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Privacy Law and Policy Reporter

Privacy Law and Policy Reporter (PLPR)
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Greenleaf, Graham --- "Telecommunications (Interception) Act 1979 (Cth) - amendments" [1994] PrivLawPRpr 132; (1994) 1(9) Privacy Law & Policy Reporter 174

Telecommunications (Interception) Act 1979 (Cth) - amendments

Telecommunications (Interception) Amendment Act 1993 (Cth), No 103, 1993; ss 1, 2, 4, 6-11, 13, 19-23 and 29-34 and subs 3(1) and (3) commenced on 22 December 1993. Sections 5, 12, 14-18 and 24-28 and subs 3(2) commenced on 1 February 1994.

These amendments to the Telecommunications (Interception) Act 1979, enacted in December 1993, implement recommendations from the 1992 review of the Act by the Attorney-General's Department. The Australian Privacy Commissioner raised no objection to these amendments. Other more controversial recommendations have not been followed up as yet.

Interception without a warrant is now allowed in some specified emergency situations (new s 7(4)-(10). These are essentially where there are reasonable grounds to believe that a law enforcement agency or a third party is likely to receive a phone call from a person who has:

(1) done an act that has resulted or, may result, in loss of life or infliction of serious personal injury; (2) threatened to kill or seriously injure another person or to cause serious damage to property; or (3) threatened to take his or her own life or create a serious threat to his or her health or safety and the urgency of the situation meant that it was not 'reasonably practicable' for a Pt VI (judicial) warrant to be obtained.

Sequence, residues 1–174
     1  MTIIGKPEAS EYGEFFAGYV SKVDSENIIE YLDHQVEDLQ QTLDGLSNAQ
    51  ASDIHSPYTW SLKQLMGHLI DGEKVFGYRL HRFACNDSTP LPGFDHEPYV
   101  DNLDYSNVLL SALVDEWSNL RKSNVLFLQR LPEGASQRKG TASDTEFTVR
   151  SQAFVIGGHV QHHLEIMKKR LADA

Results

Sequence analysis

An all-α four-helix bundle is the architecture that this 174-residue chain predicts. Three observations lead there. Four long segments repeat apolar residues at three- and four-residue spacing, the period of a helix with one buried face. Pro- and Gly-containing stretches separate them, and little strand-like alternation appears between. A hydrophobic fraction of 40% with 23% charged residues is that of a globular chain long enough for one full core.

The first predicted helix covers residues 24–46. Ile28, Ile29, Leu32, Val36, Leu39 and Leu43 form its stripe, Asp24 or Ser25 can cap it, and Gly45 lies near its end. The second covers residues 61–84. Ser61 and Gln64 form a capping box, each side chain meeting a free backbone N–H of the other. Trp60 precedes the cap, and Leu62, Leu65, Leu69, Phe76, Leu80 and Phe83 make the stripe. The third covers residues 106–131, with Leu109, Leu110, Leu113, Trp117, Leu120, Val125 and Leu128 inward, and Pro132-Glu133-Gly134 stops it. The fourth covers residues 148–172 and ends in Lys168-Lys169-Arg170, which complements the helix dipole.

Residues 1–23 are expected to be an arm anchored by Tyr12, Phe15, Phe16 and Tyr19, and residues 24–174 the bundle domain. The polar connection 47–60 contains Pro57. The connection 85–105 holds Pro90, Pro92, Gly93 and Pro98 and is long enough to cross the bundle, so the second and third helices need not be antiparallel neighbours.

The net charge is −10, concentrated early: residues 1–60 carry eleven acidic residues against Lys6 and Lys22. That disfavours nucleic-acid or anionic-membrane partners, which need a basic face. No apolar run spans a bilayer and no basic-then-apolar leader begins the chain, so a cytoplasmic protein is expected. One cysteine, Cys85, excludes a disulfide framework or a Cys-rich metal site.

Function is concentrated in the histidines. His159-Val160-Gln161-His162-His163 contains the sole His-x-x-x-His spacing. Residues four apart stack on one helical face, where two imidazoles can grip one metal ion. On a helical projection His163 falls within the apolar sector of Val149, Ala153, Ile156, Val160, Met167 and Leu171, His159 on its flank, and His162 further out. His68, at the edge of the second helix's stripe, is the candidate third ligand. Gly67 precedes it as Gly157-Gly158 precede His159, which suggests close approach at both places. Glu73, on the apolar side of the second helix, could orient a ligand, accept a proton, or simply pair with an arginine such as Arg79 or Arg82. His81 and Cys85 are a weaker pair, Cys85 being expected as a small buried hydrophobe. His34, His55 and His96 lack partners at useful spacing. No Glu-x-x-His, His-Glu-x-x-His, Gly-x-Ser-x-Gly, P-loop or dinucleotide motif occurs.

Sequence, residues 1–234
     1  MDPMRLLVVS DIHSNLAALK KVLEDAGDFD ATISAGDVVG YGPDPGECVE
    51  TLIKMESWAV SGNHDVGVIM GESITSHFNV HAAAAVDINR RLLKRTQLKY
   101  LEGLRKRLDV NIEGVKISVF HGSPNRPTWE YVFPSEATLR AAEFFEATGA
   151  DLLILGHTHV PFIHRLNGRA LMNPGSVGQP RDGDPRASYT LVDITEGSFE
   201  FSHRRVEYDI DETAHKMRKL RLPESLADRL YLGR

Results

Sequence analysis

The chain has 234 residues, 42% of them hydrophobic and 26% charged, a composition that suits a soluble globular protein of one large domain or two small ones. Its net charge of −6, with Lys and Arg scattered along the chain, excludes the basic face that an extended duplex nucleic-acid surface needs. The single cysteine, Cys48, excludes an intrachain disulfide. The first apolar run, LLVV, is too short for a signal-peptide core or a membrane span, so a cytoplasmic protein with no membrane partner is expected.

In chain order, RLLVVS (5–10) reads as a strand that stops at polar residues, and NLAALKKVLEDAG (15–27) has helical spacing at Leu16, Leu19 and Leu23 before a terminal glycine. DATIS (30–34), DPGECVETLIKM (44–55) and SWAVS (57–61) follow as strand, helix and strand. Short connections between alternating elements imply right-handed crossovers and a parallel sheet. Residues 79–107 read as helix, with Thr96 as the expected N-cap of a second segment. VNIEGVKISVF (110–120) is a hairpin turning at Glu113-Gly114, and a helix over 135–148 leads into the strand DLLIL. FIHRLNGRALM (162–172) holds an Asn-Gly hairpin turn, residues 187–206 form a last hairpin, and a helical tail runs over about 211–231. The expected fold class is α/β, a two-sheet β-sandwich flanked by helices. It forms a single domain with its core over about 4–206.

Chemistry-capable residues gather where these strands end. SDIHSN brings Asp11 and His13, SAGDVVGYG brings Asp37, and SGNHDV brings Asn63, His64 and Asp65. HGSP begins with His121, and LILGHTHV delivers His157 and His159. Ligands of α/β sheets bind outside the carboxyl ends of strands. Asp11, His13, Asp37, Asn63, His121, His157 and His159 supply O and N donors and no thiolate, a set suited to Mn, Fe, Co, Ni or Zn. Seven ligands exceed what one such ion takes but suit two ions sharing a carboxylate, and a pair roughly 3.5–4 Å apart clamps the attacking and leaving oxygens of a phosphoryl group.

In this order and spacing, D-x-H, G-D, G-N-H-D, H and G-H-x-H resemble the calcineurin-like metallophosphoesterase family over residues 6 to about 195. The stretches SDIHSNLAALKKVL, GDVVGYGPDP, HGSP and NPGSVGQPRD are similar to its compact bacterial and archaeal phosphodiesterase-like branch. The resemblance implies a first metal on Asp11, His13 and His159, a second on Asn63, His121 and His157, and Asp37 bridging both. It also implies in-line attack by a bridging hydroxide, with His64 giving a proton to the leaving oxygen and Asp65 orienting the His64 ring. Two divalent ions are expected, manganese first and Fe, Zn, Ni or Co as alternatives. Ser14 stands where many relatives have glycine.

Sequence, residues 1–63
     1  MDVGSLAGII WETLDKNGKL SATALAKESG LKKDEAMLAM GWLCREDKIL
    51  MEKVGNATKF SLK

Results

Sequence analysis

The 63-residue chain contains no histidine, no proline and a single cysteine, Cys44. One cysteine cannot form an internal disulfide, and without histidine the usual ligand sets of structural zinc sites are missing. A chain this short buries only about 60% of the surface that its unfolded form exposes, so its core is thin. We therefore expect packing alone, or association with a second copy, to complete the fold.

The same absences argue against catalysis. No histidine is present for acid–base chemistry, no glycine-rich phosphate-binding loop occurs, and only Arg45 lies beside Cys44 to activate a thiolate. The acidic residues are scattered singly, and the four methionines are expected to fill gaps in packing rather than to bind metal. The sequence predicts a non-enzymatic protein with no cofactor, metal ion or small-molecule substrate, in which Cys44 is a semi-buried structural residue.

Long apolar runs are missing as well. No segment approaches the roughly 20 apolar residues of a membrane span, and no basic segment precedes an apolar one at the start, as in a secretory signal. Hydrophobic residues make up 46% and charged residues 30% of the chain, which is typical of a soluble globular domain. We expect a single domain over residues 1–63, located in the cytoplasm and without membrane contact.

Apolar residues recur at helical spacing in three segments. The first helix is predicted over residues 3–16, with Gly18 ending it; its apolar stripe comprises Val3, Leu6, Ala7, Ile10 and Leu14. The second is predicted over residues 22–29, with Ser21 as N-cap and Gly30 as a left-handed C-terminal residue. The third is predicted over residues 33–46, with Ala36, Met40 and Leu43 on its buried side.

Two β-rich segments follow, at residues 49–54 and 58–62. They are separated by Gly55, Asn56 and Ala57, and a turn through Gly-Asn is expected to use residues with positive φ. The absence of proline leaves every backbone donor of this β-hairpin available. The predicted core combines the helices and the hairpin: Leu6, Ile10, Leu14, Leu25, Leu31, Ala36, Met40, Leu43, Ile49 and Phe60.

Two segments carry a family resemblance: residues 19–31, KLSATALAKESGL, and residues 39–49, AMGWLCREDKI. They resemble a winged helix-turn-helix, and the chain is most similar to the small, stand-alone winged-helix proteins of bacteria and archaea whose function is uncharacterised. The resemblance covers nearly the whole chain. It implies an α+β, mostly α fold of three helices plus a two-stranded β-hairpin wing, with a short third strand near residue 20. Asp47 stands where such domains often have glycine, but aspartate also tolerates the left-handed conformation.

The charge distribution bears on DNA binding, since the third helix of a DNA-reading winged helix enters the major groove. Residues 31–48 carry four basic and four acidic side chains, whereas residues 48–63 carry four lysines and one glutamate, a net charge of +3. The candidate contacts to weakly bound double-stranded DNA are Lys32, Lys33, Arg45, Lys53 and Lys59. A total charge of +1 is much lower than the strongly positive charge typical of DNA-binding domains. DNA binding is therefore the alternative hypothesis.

The Privacy Commissioner had proposed that these emergency provisions be subject to a retrospective post event warrant process. This safeguard was not present in the Bill as introduced but was reinstated by opposition amendments accepted by the government (new ss 7(6)-(7)).

The amendments also clarify that it is not a breach of the Act if a communication is incidentally intercepted while an interception warrant is being carried out, or while lawful steps are being taken to discover if a listening device is being used (new ss 7(2)(ab)-(ac)).

The scope of interceptible communications has been broadened slightly by the substitution of 'prescribed substances' (a substance that is a narcotic drug or psychotropic substance for the purposes of the Crimes (Traffic in Narcotic Drugs and Psychotropic Substances) Act 1990') for 'narcotic drugs' in the definition of 'Class 2 offence'.

More significantly, Class 2 offences have been broadened to include 'computer crime' offences (offences against Pt VIA Crimes Act 1914 (Cth), which do not necessarily carry the seven year minimum term otherwise required for Class 2 offences.

Graham Greenleaf


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